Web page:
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Queen Of Science: Personal Recollections of Mary Somerville

Queen Of Science: Personal Recollections of Mary Somerville (Paperback)

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Synopsis

Born in Jedburgh in 1780, Mary Fairfax was the daughter of one of Nelson's captains, and in common with most girls of her time and station she was given the kind of education which prizes gentility over ability. Nevertheless, she taught herself algebra in secret, and made her reputation in celestial mechanics with her 1831 translation of Laplace's Mecanique celeste as The Mechanism of the Heavens. As she was equally interested in art, literature and nature Somerville's lively memoirs give a fascinating picture of her life and times from childhood in Burntisland to international recognition and retirement in Naples. She tells of her friendship with Maria Edgeworth and of her encounters with Scott and Fenimore Cooper. She remembers comets and eclipses, high society in London and Paris, Charles Babbage and his calculating engine, the Risorgimento in Italy and the eruption of Vesuvius. Selected by her daughter and first published in 1973, these are the memoirs of a remarkable woman who became one of the most gifted mathematicians and scientists of the nineteenth century.

Oxford's Somerville College was named after her, and the present volume, re-edited by Dorothy McMillan, draws on manuscripts owned by the college and offers the first unexpurgated edition of these revelatory writings.

BiographyBiography: generalBiography: historical, political & militaryBiographyBiography: generalBiography: science, medicine, technology & engineeringScience & MathematicsAstronomy, space & timeTheoretical & mathematical astronomyScience & MathematicsMathematicsScience & MathematicsScience: general issuesHistory of science Publisher: Canongate Books Ltd Publication Date: 30/09/2001 ISBN-13: 9781841951362  Details: Type: Paperback Format: Books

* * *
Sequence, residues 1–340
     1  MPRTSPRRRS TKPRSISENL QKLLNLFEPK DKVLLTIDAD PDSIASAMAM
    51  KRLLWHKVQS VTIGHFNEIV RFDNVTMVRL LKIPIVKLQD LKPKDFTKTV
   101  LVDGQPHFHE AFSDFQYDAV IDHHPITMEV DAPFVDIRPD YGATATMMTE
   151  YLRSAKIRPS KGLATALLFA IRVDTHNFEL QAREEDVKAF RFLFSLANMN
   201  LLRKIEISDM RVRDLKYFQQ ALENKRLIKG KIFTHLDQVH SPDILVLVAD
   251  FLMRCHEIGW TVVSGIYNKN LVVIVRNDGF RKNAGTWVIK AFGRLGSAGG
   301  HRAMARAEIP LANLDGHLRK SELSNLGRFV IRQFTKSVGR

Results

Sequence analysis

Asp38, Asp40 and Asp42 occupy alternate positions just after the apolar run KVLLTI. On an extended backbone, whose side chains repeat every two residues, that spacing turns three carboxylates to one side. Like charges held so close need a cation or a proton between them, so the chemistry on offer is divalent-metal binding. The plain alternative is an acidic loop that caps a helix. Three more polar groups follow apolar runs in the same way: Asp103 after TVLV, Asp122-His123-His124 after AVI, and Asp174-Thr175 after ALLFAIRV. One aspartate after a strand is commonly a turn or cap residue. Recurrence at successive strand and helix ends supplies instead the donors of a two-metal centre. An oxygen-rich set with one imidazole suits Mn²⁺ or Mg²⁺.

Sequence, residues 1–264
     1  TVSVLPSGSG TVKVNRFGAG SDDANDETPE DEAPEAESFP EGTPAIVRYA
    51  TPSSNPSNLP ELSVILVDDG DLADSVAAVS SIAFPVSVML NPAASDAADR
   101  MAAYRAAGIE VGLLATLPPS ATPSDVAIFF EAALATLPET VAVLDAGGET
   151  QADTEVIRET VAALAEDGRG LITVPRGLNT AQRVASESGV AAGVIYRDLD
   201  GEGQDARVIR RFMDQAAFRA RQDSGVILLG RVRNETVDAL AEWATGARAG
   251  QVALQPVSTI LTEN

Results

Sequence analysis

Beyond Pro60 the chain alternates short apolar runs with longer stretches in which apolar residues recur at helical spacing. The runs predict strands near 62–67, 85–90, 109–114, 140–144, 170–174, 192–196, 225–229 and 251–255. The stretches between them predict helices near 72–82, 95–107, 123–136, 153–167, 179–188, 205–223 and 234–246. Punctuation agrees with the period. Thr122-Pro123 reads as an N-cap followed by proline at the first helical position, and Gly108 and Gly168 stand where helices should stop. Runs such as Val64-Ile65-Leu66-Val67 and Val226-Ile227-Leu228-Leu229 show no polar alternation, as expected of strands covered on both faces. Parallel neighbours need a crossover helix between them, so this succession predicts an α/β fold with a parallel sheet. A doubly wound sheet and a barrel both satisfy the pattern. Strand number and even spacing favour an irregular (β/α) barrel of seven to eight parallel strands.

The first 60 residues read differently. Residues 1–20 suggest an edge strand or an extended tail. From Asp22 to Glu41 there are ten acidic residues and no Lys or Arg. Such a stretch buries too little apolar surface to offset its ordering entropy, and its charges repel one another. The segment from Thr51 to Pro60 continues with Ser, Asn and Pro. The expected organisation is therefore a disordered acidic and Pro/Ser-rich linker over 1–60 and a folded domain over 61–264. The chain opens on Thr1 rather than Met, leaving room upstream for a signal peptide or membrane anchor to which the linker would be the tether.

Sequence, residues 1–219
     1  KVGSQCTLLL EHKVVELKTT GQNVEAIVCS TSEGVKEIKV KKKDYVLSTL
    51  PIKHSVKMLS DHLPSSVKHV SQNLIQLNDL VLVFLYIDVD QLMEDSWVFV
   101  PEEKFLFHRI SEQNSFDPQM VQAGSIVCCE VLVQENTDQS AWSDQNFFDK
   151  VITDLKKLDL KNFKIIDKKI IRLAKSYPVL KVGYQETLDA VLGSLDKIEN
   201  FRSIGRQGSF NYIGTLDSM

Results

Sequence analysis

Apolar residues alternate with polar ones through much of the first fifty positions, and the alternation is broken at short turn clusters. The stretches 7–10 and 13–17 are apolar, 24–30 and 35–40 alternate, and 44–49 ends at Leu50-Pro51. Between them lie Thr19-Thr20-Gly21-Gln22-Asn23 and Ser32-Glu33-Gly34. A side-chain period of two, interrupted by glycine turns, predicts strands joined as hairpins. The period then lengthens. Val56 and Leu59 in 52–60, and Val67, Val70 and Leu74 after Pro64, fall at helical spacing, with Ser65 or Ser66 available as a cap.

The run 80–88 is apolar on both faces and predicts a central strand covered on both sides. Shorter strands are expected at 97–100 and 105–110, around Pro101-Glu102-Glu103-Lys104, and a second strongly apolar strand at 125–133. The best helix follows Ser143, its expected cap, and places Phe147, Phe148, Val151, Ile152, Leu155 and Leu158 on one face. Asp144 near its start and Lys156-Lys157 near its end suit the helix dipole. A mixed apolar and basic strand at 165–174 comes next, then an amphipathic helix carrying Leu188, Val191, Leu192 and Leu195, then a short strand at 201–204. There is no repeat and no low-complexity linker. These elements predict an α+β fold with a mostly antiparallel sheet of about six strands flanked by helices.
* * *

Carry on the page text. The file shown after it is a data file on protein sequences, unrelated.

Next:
Availability: To Order. Estimated despatch in 1-3 weeks.  

Mary Somerville was born on 26 December 1780 in a manse at Jedburgh, the home of her mother's sister. She was the fifth child of William George Fairfax, a Lieutenant in Nelson's navy (later a Vice-Admiral) and his second wife, Margaret Charters. Four of the couple's seven children survived. They were brought up in Burntisland where Mary Somerville spent her childhood and adolescence. She attended a school in Musselburgh whose chief aim it was to teach girls to be gracious. Despite the obstacles that were put tin her way she pursued her own interests in mathematics and the classics. In 1804 she married her cousin Samuel Greig and they went to stay in London, but she was left with two young children when her husband died only three years later at the age of twenty-nine. Mary returned to her parents' home where she continued her studies in algebra and geometry. In 1812 she married another of her cousins, William Somerville, an army doctor. The couple soon moved to London again where William took up a post as physician at the Chelsea Hospital. Mary Somerville continued her studies and was in her early forties when her scientific interests began to make their mark. In 1831 she published a translation of Laplace's Mecanique Celeste originally intended as one of the publications of the Society for the Diffusion of Useful Knowledge but in the end published by John Murray. This work was soon adopted for courses in Cambridge and made her reputation. It was followed by The Connexion of the Physical Sciences in 1834 and the award of a government pension the following year. Scientists throughout Europe Mary Somerville and her work was widely translated.

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